Worries & troubles that affect Forum friends.

Posted: 10/12/2014 at 18:26

Fidget - so sorry to hear your news.

Families....... not going there .....

Verdun - this magpie man probably doesn't know he's stealing - but it doesn't make it any less irritating to deal with.

Would it help to get your mum a spectacles chain and ask the staff to put them round her neck when she gets up and leave them there until she gets undressed at night? Might be fewer opportunities for them to go walk about and she would always have them with her when she needs them. Just an idea...

Overwintering pelargoniums-how often to water?

Posted: 08/12/2014 at 08:59

I've got mine in an unheated potting shed on the potting bench. The window faces due south so they get a lot of sun. I cut them very hard back in September and they are now nice compact plants but with quite a lot of leaves and some flowers. I intend to keep mine really quite dry. This weekend the temp in the shed fell to -2C but the plants are ok.

It's a new shed and it's all a bit of an experiment really. Last year the pelargoniums stayed out all winter in pots but in a very sheltered south facing position. I didn't water them at all - they just had whatever rain water reached the pots. The winter was very mild (only a few nights at or below freezing) and they all survived - I gave them a good feed & cut them really hard back in April - and they were the biggest, best flowering pelargoniums I've ever had.

I'm hoping to sort of replicate these conditions in the shed 

Worries & troubles that affect Forum friends.

Posted: 07/12/2014 at 09:51
Best wishes Matty - so glad the horrible 'not knowing' & 'wondering what will happen' phase is over and I'm sure you'll make the right decision tomorrow.

I know the next few weeks won't be much fun but it sounds as though your prognosis is excellent and you'll be out enjoying your garden again as normal next summer.

Good luck & hope all goes well for you x.

Catch up next year.

Posted: 07/12/2014 at 09:16
Seasons greetings to you too Zara & hope the move goes smoothly. It is always sad to leave a garden you've spent so much time, effort & money creating - but a house move is a great opportunity to leave any mistakes behind (don't we all have a few of those?) and start afresh with a new plot.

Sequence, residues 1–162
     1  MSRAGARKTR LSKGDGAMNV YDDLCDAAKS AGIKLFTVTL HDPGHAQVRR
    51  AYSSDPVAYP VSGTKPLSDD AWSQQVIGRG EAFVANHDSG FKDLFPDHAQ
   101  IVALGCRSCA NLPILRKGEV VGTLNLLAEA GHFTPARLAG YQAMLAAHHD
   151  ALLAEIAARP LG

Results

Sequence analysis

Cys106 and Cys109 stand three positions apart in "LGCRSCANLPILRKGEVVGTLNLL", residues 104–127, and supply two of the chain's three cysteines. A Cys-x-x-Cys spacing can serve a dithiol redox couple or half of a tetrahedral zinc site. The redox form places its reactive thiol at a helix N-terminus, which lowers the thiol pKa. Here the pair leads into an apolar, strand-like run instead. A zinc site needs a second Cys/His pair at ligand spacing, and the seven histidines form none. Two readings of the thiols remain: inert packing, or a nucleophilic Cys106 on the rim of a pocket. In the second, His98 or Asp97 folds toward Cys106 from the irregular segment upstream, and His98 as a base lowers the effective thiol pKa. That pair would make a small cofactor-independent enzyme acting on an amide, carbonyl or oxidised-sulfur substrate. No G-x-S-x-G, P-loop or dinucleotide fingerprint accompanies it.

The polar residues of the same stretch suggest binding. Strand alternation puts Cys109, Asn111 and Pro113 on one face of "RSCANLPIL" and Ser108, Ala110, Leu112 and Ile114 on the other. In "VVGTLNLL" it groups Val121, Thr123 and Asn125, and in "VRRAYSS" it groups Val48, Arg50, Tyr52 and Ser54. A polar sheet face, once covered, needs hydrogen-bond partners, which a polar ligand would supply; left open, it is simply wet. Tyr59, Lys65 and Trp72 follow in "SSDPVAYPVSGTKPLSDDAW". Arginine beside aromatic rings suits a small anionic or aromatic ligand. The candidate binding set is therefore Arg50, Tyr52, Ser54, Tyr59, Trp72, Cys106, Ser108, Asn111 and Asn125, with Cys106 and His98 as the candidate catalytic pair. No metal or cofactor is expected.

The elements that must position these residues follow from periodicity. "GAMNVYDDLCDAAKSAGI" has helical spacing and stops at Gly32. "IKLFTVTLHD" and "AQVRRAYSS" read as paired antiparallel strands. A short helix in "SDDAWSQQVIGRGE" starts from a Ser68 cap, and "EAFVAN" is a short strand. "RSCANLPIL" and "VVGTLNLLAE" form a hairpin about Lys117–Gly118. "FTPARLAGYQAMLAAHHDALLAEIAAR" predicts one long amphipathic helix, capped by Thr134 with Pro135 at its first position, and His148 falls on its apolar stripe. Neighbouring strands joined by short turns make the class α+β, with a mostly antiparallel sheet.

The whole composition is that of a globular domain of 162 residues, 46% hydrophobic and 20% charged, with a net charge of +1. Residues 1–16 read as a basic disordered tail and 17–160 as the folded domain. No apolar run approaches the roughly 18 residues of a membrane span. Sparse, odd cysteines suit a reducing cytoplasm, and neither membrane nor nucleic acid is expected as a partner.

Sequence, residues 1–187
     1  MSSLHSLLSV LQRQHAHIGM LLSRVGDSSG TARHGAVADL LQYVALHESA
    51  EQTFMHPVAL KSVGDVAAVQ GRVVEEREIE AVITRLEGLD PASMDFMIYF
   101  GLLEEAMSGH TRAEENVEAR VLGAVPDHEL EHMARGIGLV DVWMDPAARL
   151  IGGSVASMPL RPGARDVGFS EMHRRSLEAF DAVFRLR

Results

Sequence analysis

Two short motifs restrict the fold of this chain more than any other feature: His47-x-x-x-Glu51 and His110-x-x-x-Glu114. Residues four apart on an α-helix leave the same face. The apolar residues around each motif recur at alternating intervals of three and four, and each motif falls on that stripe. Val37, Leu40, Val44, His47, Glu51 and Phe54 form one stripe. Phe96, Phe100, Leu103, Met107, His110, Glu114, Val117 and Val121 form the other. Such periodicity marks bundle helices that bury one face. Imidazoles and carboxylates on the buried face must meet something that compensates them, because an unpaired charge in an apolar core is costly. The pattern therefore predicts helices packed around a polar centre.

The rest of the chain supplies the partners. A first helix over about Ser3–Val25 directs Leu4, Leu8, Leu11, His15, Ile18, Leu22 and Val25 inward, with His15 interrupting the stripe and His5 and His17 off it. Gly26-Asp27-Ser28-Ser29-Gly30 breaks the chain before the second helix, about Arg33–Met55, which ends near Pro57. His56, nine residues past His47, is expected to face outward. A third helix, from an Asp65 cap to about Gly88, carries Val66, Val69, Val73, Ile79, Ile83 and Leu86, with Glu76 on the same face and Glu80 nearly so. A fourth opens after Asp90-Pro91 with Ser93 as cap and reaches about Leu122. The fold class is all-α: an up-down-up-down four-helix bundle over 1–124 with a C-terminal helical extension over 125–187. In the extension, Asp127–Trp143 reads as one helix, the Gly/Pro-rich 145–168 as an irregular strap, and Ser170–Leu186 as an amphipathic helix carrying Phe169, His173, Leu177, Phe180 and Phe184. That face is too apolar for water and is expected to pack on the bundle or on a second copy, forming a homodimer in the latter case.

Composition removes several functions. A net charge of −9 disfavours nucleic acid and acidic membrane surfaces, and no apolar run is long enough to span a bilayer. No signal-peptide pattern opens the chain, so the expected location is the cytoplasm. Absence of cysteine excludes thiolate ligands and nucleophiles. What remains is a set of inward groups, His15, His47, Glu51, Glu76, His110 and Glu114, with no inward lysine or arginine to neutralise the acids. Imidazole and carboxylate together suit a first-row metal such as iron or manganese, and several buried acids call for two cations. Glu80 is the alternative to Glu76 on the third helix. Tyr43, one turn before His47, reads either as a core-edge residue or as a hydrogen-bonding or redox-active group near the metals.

....and I can't think of a nicer place to move to - see you there when OH retires

Grass still growing

Posted: 05/12/2014 at 21:28
I was very naughty.... it was a nice day today so I cut my grass even though it was way too wet & there is a frost forecast for tonight. Breaking all the rules - but the whole garden looks soooo much better. I'll consider myself b*ll*cked!!

Discussions started by Topbird

Papaver somniferum seed

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Papaver somniferum seed

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Will Jeyes Fluid harm my Box hedge?

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Growing strawberries

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Harvesting spuds, onions & garlic

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Last Post: 25/07/2013 at 20:19

Dividing Perennials

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Moving delphiniums at the wrong time

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Last Post: 20/05/2013 at 16:08

Is this Pea Weevil?

Something's chewing my pea seedlings 
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Last Post: 04/05/2013 at 10:49

Getting rid of daffodils

Rogue daffodils in raised veggie beds 
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Last Post: 27/04/2013 at 22:12
9 threads returned